Lion (2016) Movie,

My children Manjiree and Ranjan insisted that I see Lion, and I am glad that they did. I would have gladly given it a miss had I depended on just the kind of publicity that it has received here. In fact, till I sat down to write this post, I did not even know that this film is a multiple award nominee and winner. I had vaguely heard that Dev Patel got some award for his performance in this film but other than that, I was totally ignorant.

Briefly, this is a real life story of a five year old boy from the heartland of India who gets lost, is sheltered in a foster home and eventually gets adopted by an Australian couple. He eventually returns as an adult after going through a traumatic life of memories, to find that his mother has never given up on him.

The story does everything possible to pluck at your emotional strings. Joy, amusement, anger, pity, frustration and so on and I must complement the director who has been able to do so successfully in his debut film. The child actors perform so well that they overshadow Dev Patel and Nicole Kidman. The very effective music score at the background soothes and excites by turns and the overall effect is a pleasant experience, somewhat like a roller coaster ride that ends well.

If ever there was a movie that strengthened my belief in the theory of Karma, this is it. Many questions like why the young lad gets separated, and unlike more than hundreds of thousands of young children who go missing every year in India, why he gets adopted by an Australian couple, why the other child adopted by the same couple becomes a disappointment etc, can be answered only with the logic of Karma.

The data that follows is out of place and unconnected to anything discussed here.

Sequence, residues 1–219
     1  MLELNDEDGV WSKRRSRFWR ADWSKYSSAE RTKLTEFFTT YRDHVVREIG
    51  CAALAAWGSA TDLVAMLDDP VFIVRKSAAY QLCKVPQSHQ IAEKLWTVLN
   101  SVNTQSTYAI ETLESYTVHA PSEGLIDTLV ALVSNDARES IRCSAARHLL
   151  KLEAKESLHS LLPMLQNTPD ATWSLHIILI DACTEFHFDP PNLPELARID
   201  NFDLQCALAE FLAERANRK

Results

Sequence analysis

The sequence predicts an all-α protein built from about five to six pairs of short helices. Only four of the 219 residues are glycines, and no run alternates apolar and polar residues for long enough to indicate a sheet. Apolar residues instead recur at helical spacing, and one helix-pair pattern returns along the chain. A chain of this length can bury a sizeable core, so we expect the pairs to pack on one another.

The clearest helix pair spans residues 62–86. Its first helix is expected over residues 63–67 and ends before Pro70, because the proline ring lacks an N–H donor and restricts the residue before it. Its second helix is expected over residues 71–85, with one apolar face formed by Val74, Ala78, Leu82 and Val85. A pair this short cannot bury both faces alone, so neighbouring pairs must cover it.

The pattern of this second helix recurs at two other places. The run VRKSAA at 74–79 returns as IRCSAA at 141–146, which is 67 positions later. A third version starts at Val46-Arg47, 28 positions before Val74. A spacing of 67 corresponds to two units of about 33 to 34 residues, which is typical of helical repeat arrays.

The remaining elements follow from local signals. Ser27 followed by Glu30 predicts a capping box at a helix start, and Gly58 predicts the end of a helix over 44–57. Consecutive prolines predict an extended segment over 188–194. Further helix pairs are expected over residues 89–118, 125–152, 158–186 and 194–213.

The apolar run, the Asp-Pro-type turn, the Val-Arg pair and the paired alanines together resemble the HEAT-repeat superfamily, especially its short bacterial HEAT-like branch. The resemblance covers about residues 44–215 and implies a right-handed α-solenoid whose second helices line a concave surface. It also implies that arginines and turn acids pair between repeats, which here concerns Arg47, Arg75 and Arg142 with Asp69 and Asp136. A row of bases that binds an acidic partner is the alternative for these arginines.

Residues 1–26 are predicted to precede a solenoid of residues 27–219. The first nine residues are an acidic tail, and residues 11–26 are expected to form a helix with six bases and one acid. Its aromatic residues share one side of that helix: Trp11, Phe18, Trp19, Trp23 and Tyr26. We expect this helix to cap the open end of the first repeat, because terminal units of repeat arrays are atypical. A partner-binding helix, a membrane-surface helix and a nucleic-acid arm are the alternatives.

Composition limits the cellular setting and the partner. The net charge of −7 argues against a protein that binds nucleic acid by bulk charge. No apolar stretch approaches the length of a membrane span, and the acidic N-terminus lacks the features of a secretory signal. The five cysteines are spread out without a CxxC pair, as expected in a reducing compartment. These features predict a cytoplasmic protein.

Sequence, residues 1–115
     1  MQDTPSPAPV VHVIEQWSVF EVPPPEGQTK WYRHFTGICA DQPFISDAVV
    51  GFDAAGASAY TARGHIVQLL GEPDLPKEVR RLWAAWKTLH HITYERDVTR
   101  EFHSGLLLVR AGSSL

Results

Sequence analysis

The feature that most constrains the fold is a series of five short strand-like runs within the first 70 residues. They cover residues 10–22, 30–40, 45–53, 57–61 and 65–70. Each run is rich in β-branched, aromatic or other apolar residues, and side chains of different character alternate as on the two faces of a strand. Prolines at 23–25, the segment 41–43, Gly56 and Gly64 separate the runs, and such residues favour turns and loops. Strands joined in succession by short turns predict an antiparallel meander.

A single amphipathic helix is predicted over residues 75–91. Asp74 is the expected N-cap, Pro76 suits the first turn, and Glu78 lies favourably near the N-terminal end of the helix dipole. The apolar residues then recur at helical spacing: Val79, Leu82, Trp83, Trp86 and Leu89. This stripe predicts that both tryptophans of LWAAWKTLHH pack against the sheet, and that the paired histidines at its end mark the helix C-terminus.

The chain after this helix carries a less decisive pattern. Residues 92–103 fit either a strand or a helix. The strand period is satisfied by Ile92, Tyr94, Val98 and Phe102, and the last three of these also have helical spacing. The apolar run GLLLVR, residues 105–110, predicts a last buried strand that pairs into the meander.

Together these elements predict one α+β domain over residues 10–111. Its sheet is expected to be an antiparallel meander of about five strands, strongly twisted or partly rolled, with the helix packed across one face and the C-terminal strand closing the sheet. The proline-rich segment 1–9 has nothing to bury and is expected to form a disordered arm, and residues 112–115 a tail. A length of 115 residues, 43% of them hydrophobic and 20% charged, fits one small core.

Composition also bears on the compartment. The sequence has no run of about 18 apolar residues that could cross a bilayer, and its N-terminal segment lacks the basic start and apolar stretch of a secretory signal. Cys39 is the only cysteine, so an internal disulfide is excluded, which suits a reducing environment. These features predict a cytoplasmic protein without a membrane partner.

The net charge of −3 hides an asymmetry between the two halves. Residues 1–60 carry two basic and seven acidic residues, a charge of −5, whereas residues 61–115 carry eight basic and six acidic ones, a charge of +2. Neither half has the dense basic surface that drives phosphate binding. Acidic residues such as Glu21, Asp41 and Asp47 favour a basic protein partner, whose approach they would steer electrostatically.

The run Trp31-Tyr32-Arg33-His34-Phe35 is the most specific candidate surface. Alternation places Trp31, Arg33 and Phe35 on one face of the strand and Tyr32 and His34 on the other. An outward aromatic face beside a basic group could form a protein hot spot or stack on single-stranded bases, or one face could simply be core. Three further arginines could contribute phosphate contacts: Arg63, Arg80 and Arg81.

If you can, you must see it.

Incidentally, this is the third Indian film that has featured Australia that I have enjoyed seeing. I have written about UnIndian but not about Bhag Milka Bhag, a song from which keeps bugging me as an earworm on and off. Let me share that  song with you.

Life With Social Media

Zero without it, is how I would start.

I don’t use twitter unlike the guy in the cartoon. I however am quite active on FaceBook and WhatsApp.  These two are enough to give me sufficient activity to keep me out of mischief. It has now come to that stage where I wonder how I lived without these two tools and also the facilitator that makes it possible, the smartphone!

Shackman had suggested the topic for this week’s LBC Friday post. You can see what the other writers of the LBC have to say in their respective blogs.  Maria, Pravin and Shackman.


Two of my favourite actors, Naseeruddin Shah and Arshad Warsi act in Irada and that was the sole reason for my deciding to see it.

I am glad that I did.

It is not anything like the other films where these two actors have paired,  It is far more serious.  Arshad tries to bring in some humour without much success as the story does not allow for any humour except of the dark variety like when the Chief Minister’s mother asks her to eat with her mouth closed!